Thursday, March 11, 2010

Caitlin


Caitlin’s younger brother Corey matters even more to her than her mermaid collection.  If she can’t have him in her life anymore, she doesn’t want anything…

Caitlin:  There’s an old glass salad bowl on my desk at home, full of mermaids.  All I have to do is reach in, and grab a memory.
     Like this one – She is missing her tail, so technically she’s a little girl with a sparkly bikini top and nothing on the bottom but jointed legs.  When I was four, my parents took me to Catalina Island, and they told me a story about the mermaid fairy, who lived off the shore of the island, and who brought good little girls mermaid dolls in their sleep.  I woke up in the morning with a little girl mermaid under my pillow, a mermaid as young as I was, but with a real tail that came off and everything.
     There’s a picture of a mermaid fountain outside a bar where my mother took me, six, and my baby brother.  We used to go there everyday after my mother picked me up from school, and stay until just before Daddy got home.  I ate grilled cheese.  She had a small bowl of lobster bisque and three vodka doubles rocks everytime.
     The mermaid with the broken tail fin.  I pick it up.  The ceramic is cool against my cheek.  The edge of the broken fin matches the scar on my eyebrow like a jigsaw puzzle.  Corey threw it at me when he was eight.  I needed seven stitches.  He said seven was his favorite number, and he cried.  He always loved me, and I always loved him, and we always had each other.
     Until I was fourteen.  He was ten.  It was the first time he was sent away.  My parents couldn’t control him.  He was ten, but he sent me a letter asking me if I could get him any acid and bring it when I visited.  I wasn’t allowed to visit, they said he wouldn’t get better if he always had me.  Here’s the mermaid I got in New Hampshire at Storyland, where my mother took me while my Dad visited Corey at “camp,” they called it.  I was too old for Storyland.  Corey was too young for “camp”.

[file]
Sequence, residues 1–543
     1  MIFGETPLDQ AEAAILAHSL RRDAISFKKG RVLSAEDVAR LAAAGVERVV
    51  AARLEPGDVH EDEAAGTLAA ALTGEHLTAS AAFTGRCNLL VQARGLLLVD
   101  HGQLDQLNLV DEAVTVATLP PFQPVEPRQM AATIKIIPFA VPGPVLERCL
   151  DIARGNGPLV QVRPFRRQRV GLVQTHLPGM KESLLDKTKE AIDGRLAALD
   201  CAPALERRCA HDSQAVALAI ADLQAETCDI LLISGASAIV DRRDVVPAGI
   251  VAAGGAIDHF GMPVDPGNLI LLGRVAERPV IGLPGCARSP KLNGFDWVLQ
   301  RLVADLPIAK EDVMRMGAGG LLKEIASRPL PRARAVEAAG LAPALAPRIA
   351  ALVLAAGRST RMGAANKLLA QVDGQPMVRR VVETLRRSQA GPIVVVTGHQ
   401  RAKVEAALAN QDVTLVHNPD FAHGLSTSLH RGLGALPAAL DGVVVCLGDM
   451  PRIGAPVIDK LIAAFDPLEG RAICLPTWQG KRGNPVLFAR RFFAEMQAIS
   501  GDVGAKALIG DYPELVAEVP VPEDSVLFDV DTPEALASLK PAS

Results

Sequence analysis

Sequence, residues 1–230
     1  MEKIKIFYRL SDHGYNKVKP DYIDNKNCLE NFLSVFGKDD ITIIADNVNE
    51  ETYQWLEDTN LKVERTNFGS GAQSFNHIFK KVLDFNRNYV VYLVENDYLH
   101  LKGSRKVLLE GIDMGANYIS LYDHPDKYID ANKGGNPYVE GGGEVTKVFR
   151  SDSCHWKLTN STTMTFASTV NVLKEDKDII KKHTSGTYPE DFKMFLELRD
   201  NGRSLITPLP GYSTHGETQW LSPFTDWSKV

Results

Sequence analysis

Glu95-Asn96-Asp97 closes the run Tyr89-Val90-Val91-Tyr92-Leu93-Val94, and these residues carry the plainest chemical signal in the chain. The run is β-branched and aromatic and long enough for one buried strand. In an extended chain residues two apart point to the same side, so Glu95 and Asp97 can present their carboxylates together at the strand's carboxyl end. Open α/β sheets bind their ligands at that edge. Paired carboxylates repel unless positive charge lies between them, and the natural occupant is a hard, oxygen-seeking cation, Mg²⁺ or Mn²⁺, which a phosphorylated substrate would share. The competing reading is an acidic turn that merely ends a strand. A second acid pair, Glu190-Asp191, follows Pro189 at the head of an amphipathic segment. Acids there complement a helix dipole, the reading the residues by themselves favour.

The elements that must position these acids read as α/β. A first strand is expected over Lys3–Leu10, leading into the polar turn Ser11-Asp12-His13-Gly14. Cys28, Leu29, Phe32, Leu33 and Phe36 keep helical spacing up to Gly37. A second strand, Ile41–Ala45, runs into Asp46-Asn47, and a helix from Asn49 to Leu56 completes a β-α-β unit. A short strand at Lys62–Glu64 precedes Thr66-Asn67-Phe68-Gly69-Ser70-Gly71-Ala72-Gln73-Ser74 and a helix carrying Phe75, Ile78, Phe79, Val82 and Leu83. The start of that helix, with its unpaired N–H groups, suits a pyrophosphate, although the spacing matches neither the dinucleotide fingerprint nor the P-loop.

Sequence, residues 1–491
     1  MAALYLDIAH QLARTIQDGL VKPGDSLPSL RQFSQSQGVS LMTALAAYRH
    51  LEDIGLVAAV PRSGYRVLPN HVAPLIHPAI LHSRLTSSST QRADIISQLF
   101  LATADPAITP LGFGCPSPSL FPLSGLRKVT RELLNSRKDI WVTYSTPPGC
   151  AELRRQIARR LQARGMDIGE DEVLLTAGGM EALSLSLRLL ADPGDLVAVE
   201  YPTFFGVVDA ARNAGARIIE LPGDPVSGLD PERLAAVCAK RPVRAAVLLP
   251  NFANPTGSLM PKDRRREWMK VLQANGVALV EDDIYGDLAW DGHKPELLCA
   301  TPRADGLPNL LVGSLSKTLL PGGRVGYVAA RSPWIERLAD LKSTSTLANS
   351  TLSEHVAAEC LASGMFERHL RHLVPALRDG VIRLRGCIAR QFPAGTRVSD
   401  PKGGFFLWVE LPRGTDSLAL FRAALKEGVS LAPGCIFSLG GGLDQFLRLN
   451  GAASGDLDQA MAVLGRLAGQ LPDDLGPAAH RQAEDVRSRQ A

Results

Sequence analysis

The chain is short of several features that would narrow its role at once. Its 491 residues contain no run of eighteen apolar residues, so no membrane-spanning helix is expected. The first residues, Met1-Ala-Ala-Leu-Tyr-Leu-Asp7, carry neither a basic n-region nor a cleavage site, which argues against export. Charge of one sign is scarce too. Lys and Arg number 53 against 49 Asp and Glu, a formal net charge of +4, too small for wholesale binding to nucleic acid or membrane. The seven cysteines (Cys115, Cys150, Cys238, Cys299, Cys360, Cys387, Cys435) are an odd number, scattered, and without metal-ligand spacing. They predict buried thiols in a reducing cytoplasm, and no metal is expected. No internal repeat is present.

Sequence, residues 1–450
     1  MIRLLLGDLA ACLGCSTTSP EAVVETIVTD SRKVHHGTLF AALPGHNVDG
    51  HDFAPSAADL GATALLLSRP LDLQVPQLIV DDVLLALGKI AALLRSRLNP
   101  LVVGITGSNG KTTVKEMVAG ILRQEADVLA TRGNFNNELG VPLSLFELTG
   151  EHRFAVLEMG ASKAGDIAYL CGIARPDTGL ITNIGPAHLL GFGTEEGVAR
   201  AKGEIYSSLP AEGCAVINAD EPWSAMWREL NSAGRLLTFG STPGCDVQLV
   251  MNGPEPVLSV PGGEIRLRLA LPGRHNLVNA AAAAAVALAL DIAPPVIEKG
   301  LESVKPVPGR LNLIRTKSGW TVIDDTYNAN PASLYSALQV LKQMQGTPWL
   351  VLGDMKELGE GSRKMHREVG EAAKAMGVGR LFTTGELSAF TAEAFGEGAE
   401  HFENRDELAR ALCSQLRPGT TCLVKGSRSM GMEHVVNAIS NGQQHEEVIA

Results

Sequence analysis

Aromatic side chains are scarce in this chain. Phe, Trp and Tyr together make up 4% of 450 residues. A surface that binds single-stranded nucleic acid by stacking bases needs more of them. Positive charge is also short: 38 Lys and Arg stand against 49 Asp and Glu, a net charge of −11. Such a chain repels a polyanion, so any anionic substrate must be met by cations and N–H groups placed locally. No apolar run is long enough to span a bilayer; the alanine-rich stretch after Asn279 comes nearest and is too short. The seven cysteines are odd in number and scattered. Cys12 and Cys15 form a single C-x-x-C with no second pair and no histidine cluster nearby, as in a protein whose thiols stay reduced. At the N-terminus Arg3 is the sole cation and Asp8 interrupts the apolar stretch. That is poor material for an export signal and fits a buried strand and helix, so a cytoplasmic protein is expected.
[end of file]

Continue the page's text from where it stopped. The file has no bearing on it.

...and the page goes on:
This silver mermaid on a leather cord was a gift from Corey the day my mother was a year sober, and Corey was home for the weekend.  He stole the mermaid, but I didn’t tell.  I never told.  He said he wanted to put a bomb in my mother’s car that would blow her up when she got in to go to one of her meetings with all her new friends.  He was so angry, always so angry at her.  I never told.
     The mermaid on a rock, topless, from the white elephant sale at the carnival where I met Corey when he was thirteen.  I brought him clothes and food.  He said he didn’t need it.  He smelled bad.  His teeth were brown.  One was blacked out from a fight.  He wore an old army jacket from my Dad’s closet. He said, “That’s a nice mermaid, Kath.”  He said goodbye.
     I don’t have a mermaid for today, but I found this head, copper colored with flowing hair, and it could be a mermaid’s head.  I place it in the bowl.  My Mass card doesn’t have a mermaid on it either, but I place it in the bowl, too. 
     When I was five, I told my mother everyday, “I want a baby.”  She’d be tired, and her hair would be wild, andf she only wanted to kiss me goodnight, her good girl, and she’d say, “If we have another baby, it will cost money and time.  What if we can’t get you that mermaid costume you want?”  I said that was okay, I just wanted a little brother or sister.  She said she’d think about it.  In the end, she got me the mermaid costume anyway, and a mermaid Barbie too, that I used to take a bath with.  It’s in the bowl with its glamorous eyes stained from our hard water. 
     “Goodbye Corey,” I say.  Then I pick up the bowl and throw it.  Mermaids and memories break and scatter and I suck in air, but it won’t come.

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